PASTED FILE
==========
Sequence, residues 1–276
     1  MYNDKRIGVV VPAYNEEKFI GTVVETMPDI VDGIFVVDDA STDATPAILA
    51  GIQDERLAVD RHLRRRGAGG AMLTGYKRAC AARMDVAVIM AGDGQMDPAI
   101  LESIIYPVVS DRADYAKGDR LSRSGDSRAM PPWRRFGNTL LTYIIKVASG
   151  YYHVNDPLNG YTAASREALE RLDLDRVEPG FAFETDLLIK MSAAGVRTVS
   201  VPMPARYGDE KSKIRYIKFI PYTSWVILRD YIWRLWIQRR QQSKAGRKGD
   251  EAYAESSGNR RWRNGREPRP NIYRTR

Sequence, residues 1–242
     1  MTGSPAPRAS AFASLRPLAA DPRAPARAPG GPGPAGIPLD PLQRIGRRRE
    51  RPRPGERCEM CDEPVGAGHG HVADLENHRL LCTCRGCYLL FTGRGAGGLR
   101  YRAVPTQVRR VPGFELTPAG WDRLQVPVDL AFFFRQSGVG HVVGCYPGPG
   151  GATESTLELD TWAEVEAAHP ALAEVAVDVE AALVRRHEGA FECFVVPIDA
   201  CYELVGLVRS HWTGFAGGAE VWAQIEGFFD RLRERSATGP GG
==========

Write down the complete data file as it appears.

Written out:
Sequence, residues 1–276
     1  MYNDKRIGVV VPAYNEEKFI GTVVETMPDI VDGIFVVDDA STDATPAILA
    51  GIQDERLAVD RHLRRRGAGG AMLTGYKRAC AARMDVAVIM AGDGQMDPAI
   101  LESIIYPVVS DRADYAKGDR LSRSGDSRAM PPWRRFGNTL LTYIIKVASG
   151  YYHVNDPLNG YTAASREALE RLDLDRVEPG FAFETDLLIK MSAAGVRTVS
   201  VPMPARYGDE KSKIRYIKFI PYTSWVILRD YIWRLWIQRR QQSKAGRKGD
   251  EAYAESSGNR RWRNGREPRP NIYRTR

Sequence, residues 1–242
     1  MTGSPAPRAS AFASLRPLAA DPRAPARAPG GPGPAGIPLD PLQRIGRRRE
    51  RPRPGERCEM CDEPVGAGHG HVADLENHRL LCTCRGCYLL FTGRGAGGLR
   101  YRAVPTQVRR VPGFELTPAG WDRLQVPVDL AFFFRQSGVG HVVGCYPGPG
   151  GATESTLELD TWAEVEAAHP ALAEVAVDVE AALVRRHEGA FECFVVPIDA
   201  CYELVGLVRS HWTGFAGGAE VWAQIEGFFD RLRERSATGP GG